Camping at Havasupai Falls – August 2011
I talk a lot about cross-training but not enough about getting back to nature. Our camping trip to Havasupai, the Havasupai Falls and west end of the Grand Canyon was as expected, spectacular both cross-training and getting back to nature.
This video will give you a good idea of what you are in for. I show the hike, the campgrounds and fun things to do. Below are a few extra tips for your Havasuapi experience.
Our destination was the beautiful waterfalls and turquiose waters Havasupai offers. The trail is difficult in the summer heat but did offer shady spots so we weren’t exposed the entire hike. The hike back up to your car is even harder after days of exploring. Please make sure to stay well hydrated and wear sunscreen.
The hike to the campground is 10 miles. Between pictures, lunch, a long stop at the village and moving slow in general, it took us about 6 hours to get to the campgrounds.
Once in the Havasupai Falls area we probably walked 10 miles a day exploring. I used the Addizero Trail XT shoes for the hike then water shoes for the rest of my exploring. You are getting wet all the time. water shoes allow you to scramble around the rocks, whether you are in the river or hiking around it.
The entire Havasupai area was changed by a flash flood in 2008. This was my first time visiting this area so I can only imagine the pristine grotto the campground used to be. In August of 2011, you can still see the ravaging effects of the flash flood. Dead or dying older trees, new falls, loss of the old ones, changes in the river and streams, are all part of the Havasupai rebirth experience.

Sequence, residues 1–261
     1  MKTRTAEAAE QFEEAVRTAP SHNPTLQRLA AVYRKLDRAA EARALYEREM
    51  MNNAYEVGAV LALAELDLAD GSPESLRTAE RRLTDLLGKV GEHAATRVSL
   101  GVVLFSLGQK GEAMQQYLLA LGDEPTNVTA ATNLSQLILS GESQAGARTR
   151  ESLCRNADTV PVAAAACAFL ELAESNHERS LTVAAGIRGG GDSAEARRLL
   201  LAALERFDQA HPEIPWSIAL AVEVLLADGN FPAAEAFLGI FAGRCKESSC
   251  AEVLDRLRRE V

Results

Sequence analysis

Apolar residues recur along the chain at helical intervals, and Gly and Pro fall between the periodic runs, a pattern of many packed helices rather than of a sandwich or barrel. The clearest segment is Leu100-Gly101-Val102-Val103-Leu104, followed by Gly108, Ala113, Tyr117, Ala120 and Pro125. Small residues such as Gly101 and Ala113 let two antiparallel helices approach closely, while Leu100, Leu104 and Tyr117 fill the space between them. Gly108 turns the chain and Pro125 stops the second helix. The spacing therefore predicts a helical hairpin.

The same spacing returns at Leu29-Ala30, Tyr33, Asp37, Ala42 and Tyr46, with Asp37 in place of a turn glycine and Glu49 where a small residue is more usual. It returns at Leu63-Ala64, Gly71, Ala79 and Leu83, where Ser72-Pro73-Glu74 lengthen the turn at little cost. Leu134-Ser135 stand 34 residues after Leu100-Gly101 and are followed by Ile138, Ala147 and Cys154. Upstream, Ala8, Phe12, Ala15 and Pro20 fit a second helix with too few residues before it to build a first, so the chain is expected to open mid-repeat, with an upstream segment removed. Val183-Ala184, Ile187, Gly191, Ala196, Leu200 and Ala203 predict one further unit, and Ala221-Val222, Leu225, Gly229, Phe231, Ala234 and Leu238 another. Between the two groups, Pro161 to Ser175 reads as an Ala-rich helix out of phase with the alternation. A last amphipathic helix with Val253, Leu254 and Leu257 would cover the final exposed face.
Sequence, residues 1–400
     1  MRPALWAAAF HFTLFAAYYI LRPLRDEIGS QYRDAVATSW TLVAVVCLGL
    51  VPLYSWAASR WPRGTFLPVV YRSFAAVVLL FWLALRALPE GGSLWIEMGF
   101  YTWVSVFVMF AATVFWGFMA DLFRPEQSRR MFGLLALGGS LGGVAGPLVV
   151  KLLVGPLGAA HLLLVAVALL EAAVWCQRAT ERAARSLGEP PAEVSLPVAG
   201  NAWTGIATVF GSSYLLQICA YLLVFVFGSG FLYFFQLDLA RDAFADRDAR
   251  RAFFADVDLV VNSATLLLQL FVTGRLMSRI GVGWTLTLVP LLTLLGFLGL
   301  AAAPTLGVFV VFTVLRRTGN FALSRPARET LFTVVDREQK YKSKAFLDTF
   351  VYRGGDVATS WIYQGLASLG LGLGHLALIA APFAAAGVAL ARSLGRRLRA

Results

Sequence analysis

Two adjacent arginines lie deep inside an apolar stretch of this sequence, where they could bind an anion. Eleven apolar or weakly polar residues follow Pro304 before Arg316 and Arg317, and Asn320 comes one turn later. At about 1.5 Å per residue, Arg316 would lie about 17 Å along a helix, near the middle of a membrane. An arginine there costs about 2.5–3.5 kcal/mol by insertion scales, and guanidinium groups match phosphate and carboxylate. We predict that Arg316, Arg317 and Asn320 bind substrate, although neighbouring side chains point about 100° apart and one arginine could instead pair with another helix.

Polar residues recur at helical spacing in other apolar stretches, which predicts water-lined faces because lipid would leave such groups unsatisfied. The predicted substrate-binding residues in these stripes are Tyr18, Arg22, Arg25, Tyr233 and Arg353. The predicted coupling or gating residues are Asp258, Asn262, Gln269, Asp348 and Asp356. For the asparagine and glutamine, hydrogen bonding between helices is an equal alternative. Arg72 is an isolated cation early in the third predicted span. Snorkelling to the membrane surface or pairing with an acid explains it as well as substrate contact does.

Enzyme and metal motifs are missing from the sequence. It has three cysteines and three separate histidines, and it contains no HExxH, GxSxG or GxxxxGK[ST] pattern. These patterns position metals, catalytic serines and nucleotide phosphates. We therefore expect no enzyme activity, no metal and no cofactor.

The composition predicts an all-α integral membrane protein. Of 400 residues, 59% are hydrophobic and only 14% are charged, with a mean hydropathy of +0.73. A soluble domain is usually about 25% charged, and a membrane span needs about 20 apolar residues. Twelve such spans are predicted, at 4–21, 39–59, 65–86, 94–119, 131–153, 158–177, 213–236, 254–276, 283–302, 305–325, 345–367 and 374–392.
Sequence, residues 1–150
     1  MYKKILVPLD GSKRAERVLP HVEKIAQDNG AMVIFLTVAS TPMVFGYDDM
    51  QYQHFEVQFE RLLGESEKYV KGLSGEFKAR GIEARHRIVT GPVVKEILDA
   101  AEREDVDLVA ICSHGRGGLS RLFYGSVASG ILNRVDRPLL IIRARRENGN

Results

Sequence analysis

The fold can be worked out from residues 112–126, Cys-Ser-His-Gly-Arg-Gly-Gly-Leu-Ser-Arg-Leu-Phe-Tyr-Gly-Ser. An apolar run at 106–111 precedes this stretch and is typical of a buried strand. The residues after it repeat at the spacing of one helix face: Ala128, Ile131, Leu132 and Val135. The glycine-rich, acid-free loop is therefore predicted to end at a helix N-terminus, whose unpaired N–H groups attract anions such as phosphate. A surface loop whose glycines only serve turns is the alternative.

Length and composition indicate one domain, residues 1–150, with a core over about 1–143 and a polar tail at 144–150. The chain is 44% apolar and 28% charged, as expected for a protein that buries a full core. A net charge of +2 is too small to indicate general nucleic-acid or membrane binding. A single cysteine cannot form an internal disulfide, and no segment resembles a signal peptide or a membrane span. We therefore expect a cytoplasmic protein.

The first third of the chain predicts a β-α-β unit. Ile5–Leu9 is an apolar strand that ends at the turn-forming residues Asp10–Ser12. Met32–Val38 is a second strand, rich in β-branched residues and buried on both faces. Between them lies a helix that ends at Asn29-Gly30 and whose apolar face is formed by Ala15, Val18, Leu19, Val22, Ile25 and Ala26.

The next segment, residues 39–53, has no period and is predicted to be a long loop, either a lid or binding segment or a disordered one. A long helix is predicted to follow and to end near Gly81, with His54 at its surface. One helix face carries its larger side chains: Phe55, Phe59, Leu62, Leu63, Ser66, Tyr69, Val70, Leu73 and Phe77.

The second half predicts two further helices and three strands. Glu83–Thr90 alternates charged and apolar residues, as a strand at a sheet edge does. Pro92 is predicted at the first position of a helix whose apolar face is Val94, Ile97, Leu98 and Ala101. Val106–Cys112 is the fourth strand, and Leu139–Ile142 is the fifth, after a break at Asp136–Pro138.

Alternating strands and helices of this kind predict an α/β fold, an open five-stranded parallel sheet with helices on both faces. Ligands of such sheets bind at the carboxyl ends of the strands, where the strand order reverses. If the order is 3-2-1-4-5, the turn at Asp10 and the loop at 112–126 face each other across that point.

Highlights are general exploring. Mooney Falls at the end of the campground is awesome and as I show in the video. The hike to the bottom of Havasupai’s Mooney Falls is worth the trip all by itself. As a warning, the hike down and up can be scary for many but as long as you take your time it is safe.
Playing in the water is funtastic. Scramble around in the river. The rocks look slippery but actually provide decent footing considering you are in water.
I didn’t need a sleeping bag but I wished I had brought a tent instead of a REI Bug Hut. July and August are monsoon season and it rained on me two of the three nights. The last night was thunder, lighting and hard rain for a couple of hours. I had to crowd into a friend’s tent.
The easiest way to do The Havasupai trip is to let the mules bring your heavy gear down and you hike with a daypack. Check for the per bag charge and weight limitations but this allows you some extra luxuries.
I have read some on-line reviews of the Supai Village that I didn’t think were completely fair. You have to realize where you are, the farthest city from an actual road in the United States. The village and animals are not pristine, in fact parts are dirty but it is a difficult way of life and the hikers are probably a dirty demanding bunch too.
The only bummer is the lack of respect many campers have for their surroundings by leaving trash on the trail and in the campground. Some trash must fall out when the mules carry it up to the top and flash floods push trash in to weird place but campers, please remember where you are and treat it with respect.
We made the hike back our training day. Moving quickly, stopping in the village for a quick snack, limiting stops on the trail and I even ran the last, steepest mile I made it from campground to car in 3 hours and 46 minutes. It was hot and I was sweaty but buying a couple of ice cold waters to pour over me and a Otter Pop made it worthwhile.
I will be back because Havasupai it provides some very unique potential camping, hiking and fun experience that you will be hard pressed to find any other place in the world. Be respectful and don’t forget to get an icee at the General Store in Havasupai Village.
Steve Mackel, Sole Runners Marathon and Half Marathon Training Programs Head Coach
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Born a runner but really picked up distance running in the late 90′s, when he started competing in triathlons. Read more
I have been running for about 20 years and doing marathons for the last five years.